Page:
[Edit. One thing I have noticed is that some mau's use the shortest screw possible in order to save weight. This does not always provide proper thread length to engage the part to hold securely. Sometimes, it is prudent to use a longer screw in areas where loads are high.)

My 2cents. Cheers. 'AC'
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Last edited by AHR43; 12-14-2020 at 06:10 AM.
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Old 12-14-2020, 06:49 AM
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why make things difficult?

I use a low voltage cordless drill with the softest clutch setting and let it do all the work, on some of my 1/8 cars I'll need to increase the clutch when going into new plastic, but during rebuilds I typically go back to the lower clutch settings... once you get your clutch figured out then that is the only "tool" necessary for efficient builds.

I've been using this drill here for a couple years now and have never stripped a thread when rebuilding any of my diffs, perfect amount of torque every time!
Amazon Amazon

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https://www.rcgroups.com/forums/show...-the-pit-table

*** When building camber links you definitely want to "break in the threads" like this:

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Old 12-14-2020, 06:49 AM
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Originally Posted by Silverbullet555 View Post
I've got a couple new kits that'll be built soon.

Pros and cons of running an appropriate sized tap into the plastic parts to thread them vs letting the screw tap it as it goes?

I've always let the screw tap it. Wondering if threading all or part of the hole will make for a stronger overall build because the threads are cut.
Originally Posted by Alexv2024 View Post
I like using a ballstud, it has a longer/tighter hex and I use an electric drill to make it fast. Some holes depending on what they are (like where a steering rack mounts too, or transmission) I'll mostly tap it but leave some new material for the final assembly to help hold it better.

Some times on steering blocks or where plastic is thin I'll camper the holes or use an actual tap as some builds/replacement parts have cracked on me like my early build B74. But updated parts and a quick pass with a body reamer and zero issues.

Ballcups get some black grease on the treads and I work them back and forth to break them in for easy adjustment
I've never greased threads prior to threading for easier adjustment. Makes sense.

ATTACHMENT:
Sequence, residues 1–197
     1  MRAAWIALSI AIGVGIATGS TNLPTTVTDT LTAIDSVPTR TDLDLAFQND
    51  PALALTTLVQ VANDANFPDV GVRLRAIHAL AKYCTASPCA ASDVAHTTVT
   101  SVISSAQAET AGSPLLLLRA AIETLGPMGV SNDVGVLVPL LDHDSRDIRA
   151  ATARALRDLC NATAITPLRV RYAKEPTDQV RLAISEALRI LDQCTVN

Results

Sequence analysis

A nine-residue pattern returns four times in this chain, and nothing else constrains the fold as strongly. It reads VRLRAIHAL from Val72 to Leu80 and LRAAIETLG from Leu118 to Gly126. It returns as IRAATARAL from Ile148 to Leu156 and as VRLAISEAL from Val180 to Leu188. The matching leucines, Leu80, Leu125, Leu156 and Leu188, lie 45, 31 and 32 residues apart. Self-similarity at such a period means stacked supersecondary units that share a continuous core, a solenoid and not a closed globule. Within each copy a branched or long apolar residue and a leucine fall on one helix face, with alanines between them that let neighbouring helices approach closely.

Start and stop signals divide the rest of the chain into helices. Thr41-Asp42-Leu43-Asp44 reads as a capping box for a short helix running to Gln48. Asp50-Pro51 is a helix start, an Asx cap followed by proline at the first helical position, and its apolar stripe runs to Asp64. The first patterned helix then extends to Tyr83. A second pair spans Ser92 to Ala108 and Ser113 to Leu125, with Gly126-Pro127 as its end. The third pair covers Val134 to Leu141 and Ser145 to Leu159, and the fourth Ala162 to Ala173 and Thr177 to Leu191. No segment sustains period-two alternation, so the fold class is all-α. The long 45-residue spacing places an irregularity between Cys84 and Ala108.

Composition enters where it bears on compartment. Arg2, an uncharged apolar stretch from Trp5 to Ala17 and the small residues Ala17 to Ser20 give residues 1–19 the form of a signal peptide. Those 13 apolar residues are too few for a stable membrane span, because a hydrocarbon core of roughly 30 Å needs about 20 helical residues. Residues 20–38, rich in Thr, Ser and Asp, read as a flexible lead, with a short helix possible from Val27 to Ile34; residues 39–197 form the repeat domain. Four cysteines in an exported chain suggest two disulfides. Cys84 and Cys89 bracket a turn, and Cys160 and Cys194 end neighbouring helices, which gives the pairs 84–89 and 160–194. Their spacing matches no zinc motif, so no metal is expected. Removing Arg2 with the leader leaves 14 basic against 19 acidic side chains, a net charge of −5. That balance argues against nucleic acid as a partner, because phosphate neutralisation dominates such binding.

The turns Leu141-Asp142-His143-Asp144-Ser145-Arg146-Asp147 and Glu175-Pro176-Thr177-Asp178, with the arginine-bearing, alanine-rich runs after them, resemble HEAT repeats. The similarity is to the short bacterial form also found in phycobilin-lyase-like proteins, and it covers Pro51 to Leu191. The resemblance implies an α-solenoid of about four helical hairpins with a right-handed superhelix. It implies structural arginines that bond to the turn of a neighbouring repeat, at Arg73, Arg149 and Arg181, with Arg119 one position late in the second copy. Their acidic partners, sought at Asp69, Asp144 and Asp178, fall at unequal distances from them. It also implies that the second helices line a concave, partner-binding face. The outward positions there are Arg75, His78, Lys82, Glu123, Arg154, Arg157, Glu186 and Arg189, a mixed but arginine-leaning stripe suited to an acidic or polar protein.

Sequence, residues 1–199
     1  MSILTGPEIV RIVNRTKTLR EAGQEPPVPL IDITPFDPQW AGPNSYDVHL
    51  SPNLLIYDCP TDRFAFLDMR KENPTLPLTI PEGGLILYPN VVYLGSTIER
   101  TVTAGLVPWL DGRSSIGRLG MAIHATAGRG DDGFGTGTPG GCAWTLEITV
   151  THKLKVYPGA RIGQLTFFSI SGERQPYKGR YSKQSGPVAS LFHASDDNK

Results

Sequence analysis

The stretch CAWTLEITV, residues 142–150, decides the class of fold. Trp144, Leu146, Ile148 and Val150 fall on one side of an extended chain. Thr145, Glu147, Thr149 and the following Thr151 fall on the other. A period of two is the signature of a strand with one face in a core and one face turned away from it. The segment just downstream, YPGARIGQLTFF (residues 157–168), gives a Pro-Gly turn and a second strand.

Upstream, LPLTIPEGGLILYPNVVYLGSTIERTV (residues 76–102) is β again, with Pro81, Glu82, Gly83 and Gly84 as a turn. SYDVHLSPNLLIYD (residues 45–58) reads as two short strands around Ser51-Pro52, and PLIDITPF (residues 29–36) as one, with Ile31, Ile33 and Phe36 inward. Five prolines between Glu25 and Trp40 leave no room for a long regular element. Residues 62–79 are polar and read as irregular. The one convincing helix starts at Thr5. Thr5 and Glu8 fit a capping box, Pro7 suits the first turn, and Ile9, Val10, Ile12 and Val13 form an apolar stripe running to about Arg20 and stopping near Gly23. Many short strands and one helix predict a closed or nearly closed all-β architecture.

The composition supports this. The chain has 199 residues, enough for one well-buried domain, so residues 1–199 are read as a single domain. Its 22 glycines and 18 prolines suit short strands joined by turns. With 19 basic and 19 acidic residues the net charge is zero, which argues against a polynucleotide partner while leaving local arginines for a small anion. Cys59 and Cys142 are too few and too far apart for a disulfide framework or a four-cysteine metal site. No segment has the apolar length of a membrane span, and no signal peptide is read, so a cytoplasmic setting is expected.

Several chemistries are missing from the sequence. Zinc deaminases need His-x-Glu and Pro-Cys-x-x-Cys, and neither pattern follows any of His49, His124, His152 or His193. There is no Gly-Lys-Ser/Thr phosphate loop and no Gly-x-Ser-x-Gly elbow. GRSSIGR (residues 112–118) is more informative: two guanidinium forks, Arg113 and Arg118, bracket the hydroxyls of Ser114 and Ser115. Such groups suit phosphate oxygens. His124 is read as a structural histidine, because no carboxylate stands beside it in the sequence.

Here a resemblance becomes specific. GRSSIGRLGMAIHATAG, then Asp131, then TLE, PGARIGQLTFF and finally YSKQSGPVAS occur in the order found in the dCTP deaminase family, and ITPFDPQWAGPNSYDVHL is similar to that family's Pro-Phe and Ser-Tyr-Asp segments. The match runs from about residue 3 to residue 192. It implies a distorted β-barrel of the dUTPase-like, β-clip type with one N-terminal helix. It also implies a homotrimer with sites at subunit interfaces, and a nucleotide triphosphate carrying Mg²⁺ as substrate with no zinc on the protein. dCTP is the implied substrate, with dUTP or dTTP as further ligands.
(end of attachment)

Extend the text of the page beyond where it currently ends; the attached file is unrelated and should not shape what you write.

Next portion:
Originally Posted by Juglenaut View Post
I personally do not use taps on my builds, all by brute hand strength. Sorta old school like that.
I do use high pressure grease on the screws during the build.
I don't know if using a tap is new school or old school. Saw someone using one at the track and thought I would ask.

Originally Posted by mushroomed View Post
As above, I just tap self-tap the screw for that area with black grease using a hex driver.

I use chap stick for the ball cups, and do the reverse thread side on all the turnbuckles first. Then, I use the appropriate screw to tap the regular threaded ball cup. I always make sure to tap these deeper than I plan to run them so they can move in a crash rather than binding and popping off.

If you use an electric driver, depending on the speed and clutch as well as the screw size of you run the risk of overheating the screw and deforming the plastic or stripping the plastic. Take it slow and use a driver like the Hitachi/Metabo with a real clutch (not electronic) if you go the electric driver method.

There's no disadvantage I can think of to tapping the holes with a tap though except the extra time vs minimal benefit. If you have the patience, go for it. The possible advantage is that the chips of plastic have a way of exiting the hole via the slots in the tap as you cut, rather than just compressing the plastic with the threads.
Good thoughts. Well aware of the over heating or stripping. One reason why I won't let me son use an electric driver.

Originally Posted by UK.hardcore View Post
if you use a tap you remove material and that means you lose strength.
Not necessarily.

Originally Posted by Roelof View Post
If you have a 3 stage tap set (3 taps) then use stage 1 or 2 but not number 3. With nr 1 or 2 the screw still will be tight. But normally no tap is needed.
What's a 3 stage tap? Link. Quick google look in between work stuff didn't yield much.

Originally Posted by andreas78 View Post
Roelof's tip might be a good idea, if the plastic is really tough. However there's also the possibility to use a thread forming tool. That doesn't remove any material, it's not a cutting process, it deforms the material. Well, that's basically what any screw does, that is threaded into the plastic the usual way. A thread forming tool has the slight benefit, that it is tapered at the tip, so that you need a little bit less force to do so. But frankly, I'm not sure if it is worth the extra work.

Andreas
I'm not sure either. Trying to decide that as well.

Originally Posted by AHR43 View Post